December 8, 2022
The world’s largest software maker is warning that China-based nation state threat actors are taking advantage of a one-year-old law to “stockpile” zero-days for use in sustained malware attacks. According to a new report released Friday by Microsoft, China’s government hacking groups have become “particularly proficient at discovering and developing zero-day exploits” after strict mandates…

The world’s largest software maker is warning that China-based nation state threat actors are taking advantage of a one-year-old law to “stockpile” zero-days for use in sustained malware attacks.

According to a new report released Friday by Microsoft, China’s government hacking groups have become “particularly proficient at discovering and developing zero-day exploits” after strict mandates around early vulnerability disclosure went into effect.

Microsoft made a direct connection between China’s vulnerability reporting regulation that went into effect September 2021 and a surge in zero-day attacks documented over the last two years. 

“The increased use of zero days over the last year from China-based actors likely reflects the first full year of China’s vulnerability disclosure requirements for the Chinese security community and a major step in the use of zero-day exploits as a state priority,” Redmond said in the Microsoft Digital Defense Report 2022.

[ READ: Moussouris: U.S. Should Resist Urge to Match China Vuln Reporting ]

The Chinese regulation requires the reporting of vulnerabilities to a government authority for review prior to the vulnerability being shared with the product or service owner, providing a zero-day window for malicious exploitation.

“This new regulation might enable elements in the Chinese government to stockpile reported vulnerabilities toward weaponizing them,” Microsoft declared.

Microsoft documented multiple in-the-wild zero-day attacks linked to China’s state-backed hackers and noted that the time between the availability of security patches and exploitation continues to shrink rapidly.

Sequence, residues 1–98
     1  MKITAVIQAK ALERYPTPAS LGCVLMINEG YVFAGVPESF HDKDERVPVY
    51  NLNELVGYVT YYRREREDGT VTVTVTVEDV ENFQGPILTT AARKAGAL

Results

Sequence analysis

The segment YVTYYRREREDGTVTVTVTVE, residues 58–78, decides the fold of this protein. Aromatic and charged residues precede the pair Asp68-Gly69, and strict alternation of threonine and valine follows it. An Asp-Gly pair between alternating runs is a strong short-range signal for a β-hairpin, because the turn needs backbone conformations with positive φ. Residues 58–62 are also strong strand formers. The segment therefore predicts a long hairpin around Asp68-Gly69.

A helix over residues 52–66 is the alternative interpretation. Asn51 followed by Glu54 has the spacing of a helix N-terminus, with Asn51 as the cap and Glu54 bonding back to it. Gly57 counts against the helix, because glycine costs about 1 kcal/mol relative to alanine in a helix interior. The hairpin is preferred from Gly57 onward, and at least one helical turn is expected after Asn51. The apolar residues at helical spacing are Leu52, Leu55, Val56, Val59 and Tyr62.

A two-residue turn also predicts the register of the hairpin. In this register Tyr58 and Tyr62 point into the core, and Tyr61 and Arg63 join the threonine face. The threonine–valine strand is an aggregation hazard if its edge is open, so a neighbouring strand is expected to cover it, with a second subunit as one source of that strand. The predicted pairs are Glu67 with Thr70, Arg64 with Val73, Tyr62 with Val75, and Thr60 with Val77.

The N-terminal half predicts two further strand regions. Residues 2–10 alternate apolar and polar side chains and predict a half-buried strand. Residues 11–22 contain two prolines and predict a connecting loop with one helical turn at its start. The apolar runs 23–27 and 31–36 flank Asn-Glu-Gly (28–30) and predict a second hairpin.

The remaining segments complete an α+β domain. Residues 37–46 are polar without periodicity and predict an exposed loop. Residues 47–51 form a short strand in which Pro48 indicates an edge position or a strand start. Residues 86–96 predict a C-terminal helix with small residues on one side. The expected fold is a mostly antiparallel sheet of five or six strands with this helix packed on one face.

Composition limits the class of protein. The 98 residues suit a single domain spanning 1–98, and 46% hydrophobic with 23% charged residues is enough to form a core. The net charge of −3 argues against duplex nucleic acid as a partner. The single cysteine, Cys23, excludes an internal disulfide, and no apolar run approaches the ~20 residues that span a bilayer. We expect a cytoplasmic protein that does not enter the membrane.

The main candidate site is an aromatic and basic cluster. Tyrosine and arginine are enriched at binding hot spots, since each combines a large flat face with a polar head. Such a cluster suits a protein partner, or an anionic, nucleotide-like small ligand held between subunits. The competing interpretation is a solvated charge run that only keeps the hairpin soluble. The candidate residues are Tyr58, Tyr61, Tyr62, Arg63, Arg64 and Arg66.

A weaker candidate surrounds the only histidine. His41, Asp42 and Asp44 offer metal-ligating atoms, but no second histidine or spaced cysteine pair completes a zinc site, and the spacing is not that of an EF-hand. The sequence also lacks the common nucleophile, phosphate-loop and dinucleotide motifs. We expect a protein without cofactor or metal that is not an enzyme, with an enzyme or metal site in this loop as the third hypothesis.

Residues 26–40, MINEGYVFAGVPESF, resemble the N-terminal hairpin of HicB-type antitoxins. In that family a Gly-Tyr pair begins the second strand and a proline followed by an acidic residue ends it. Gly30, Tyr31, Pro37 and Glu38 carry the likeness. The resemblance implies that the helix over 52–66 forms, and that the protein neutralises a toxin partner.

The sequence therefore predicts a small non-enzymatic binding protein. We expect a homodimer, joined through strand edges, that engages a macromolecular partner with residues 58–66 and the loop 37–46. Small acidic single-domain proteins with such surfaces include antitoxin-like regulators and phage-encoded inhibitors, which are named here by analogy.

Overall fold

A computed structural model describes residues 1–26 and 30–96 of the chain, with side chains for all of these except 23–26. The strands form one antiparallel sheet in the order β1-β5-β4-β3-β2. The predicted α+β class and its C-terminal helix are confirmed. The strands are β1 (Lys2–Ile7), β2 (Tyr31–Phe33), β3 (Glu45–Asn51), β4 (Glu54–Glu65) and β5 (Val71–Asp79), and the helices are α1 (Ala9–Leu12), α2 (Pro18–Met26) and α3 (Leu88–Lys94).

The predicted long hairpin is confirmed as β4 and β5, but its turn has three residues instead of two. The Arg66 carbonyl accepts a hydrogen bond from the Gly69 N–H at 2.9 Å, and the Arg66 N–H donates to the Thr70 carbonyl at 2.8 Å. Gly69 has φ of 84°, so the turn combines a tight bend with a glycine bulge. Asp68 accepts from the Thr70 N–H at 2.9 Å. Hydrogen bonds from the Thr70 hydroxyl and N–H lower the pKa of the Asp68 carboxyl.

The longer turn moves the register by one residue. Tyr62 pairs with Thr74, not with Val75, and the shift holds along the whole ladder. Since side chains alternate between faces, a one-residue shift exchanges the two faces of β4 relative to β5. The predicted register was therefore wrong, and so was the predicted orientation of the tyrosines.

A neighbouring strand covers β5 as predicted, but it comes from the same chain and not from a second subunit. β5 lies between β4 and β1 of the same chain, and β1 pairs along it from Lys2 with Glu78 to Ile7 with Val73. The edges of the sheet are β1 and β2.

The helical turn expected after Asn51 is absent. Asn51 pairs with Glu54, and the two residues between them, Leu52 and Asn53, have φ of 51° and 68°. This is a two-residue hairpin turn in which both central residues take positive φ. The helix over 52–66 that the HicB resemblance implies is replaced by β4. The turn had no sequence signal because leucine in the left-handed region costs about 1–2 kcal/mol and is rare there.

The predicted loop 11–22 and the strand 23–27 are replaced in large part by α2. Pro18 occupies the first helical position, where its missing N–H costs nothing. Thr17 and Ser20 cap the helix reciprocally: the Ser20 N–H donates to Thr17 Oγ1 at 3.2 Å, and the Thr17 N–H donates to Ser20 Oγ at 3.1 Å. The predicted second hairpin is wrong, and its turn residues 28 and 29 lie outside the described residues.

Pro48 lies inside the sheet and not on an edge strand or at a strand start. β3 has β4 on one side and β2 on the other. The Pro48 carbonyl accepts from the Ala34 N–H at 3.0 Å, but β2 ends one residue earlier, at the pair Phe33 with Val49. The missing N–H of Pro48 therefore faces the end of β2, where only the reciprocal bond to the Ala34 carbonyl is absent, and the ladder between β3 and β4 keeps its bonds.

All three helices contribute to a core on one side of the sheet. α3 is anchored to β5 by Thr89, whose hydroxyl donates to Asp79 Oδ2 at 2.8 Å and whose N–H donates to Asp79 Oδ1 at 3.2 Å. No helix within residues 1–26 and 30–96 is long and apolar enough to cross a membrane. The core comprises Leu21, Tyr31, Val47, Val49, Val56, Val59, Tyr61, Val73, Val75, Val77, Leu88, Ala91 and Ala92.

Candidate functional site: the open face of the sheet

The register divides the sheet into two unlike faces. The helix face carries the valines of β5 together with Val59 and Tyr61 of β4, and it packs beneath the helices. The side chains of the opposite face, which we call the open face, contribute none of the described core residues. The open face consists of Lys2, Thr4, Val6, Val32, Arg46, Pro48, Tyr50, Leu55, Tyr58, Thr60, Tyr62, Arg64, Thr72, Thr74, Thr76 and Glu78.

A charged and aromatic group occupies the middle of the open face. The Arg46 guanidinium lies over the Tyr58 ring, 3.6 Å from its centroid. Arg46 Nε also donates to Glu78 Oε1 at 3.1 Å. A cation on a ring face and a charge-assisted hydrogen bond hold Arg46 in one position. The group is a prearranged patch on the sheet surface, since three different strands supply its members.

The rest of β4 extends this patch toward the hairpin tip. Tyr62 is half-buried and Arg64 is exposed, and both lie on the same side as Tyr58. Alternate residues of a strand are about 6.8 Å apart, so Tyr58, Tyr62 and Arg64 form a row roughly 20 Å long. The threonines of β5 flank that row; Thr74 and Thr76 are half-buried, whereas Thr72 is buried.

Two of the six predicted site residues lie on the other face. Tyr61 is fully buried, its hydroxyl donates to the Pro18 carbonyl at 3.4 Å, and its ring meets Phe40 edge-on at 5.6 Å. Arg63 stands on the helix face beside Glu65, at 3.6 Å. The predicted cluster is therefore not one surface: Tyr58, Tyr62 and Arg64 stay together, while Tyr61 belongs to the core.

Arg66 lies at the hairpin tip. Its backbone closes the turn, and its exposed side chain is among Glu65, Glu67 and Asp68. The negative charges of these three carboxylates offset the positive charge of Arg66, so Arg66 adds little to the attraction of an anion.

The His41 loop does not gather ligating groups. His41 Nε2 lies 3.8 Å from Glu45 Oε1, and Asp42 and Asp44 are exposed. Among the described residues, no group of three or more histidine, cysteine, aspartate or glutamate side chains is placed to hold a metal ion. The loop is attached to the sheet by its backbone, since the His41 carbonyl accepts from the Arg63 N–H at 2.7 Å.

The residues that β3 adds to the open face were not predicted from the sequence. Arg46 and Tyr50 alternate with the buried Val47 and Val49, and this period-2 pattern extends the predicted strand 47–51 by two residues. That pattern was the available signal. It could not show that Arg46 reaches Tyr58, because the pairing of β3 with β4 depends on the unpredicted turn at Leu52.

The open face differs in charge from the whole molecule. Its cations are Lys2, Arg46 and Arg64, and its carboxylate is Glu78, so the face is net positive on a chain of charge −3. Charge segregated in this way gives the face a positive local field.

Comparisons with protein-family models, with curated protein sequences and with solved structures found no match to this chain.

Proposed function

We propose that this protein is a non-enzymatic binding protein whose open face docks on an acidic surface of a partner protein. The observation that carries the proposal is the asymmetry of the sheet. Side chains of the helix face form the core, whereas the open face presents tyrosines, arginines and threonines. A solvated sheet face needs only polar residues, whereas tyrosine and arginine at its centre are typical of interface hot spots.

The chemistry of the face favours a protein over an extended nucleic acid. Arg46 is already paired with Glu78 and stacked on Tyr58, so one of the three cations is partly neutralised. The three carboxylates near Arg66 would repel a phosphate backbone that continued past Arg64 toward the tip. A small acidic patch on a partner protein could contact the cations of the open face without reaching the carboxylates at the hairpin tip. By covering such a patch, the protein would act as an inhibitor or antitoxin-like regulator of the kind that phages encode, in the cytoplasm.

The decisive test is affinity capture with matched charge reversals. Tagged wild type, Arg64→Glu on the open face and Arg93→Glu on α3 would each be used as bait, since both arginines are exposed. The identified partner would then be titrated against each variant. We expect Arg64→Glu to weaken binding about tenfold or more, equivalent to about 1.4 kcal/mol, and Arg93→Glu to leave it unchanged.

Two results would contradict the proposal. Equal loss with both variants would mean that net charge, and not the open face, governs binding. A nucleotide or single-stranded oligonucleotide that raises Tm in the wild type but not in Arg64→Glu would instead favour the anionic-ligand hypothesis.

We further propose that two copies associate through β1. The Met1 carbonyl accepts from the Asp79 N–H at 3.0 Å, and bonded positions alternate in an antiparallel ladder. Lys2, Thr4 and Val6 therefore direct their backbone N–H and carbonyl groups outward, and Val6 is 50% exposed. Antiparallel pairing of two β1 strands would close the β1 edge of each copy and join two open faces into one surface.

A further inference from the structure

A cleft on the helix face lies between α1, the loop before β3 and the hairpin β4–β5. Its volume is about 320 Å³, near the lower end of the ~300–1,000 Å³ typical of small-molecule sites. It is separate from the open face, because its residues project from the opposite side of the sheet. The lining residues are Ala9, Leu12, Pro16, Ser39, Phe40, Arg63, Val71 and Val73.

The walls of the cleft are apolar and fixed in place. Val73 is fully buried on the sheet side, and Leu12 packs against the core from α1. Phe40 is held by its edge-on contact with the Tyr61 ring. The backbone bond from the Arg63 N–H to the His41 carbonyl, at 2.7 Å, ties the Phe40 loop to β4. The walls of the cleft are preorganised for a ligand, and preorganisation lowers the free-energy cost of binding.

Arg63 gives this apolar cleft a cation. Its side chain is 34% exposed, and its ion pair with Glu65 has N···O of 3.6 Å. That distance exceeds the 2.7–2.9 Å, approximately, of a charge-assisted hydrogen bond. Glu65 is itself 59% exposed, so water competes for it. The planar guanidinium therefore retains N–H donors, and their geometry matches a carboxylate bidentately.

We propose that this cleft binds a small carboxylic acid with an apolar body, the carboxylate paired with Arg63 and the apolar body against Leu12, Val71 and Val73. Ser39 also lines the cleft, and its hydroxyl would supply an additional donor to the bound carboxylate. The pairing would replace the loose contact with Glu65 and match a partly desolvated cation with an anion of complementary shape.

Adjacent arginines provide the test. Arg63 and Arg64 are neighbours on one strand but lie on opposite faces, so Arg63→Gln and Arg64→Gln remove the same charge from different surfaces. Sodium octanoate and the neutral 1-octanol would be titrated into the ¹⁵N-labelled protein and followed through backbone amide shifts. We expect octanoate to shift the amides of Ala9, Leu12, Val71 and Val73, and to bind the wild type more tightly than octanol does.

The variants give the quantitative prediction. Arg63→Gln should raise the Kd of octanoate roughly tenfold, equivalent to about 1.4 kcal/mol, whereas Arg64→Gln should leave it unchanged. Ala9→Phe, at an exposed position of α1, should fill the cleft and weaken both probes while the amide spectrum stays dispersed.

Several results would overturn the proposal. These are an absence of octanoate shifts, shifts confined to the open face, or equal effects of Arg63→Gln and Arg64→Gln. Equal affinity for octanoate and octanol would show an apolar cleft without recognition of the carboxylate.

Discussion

“These examples of newly identified vulnerabilities demonstrate that organizations have on average 60 days from the time a vulnerability is patched and a proof of concept (POC) code is made available online, and often picked up by other actors for reuse,” Microsoft said, pointing to a handful of attacks against software from SolarWinds, Zoho, Confluence and Microsoft’s own Exchange Server product. 

[ READ: New Law Will Help Chinese Government Stockpile Zero-Days ]

In the report, Microsoft acknowledges that the number of publicly disclosed zero-day vulnerabilities is the highest on record as malicious hackers — both nation state and criminal –become more skilled at finding and exploiting software bugs before the vendor is even aware of their existence.

So far this year, there have been at least 42 documented in-the-wild zero-day attacks against widely deployed software products, with Microsoft among the oft-targeted vendor list.

“We have observed a reduction in the time between the announcement of a vulnerability and the commoditization of that vulnerability,” the company said. “The commoditization of exploits is leading them to come at a much faster rate. Zero-day exploits are often discovered by other actors and reused broadly in a short period of time.”

Microsoft urged defenders to prioritize patching of zero-day vulnerabilities as soon as fixes are available and invest in tools to document and inventory all enterprise hardware and software assets to determine risk and to quickly determine when to act on patches.

Related: Moussouris: U.S. Should Resist Urge to Match China Vuln Reporting

Related: New Law Will Help Chinese Government Stockpile Zero-Days

Related: China May Delay Vulnerability Disclosures For Use in Attacks

Ryan Naraine is Editor-at-Large at SecurityWeek and host of the popular Security Conversations podcast series. Ryan is a veteran cybersecurity strategist who has built security engagement programs at major global brands, including Intel Corp., Bishop Fox and GReAT. He is a co-founder of Threatpost and the global SAS conference series. Ryan’s past career as a security journalist included bylines at major technology publications including Ziff Davis eWEEK, CBS Interactive’s ZDNet, PCMag and PC World. Ryan is a director of the Security Tinkerers non-profit, an advisor to early-stage entrepreneurs, and a regular speaker at security conferences around the world. Follow Ryan on Twitter @ryanaraine.Previous Columns by Ryan Naraine:Tags:
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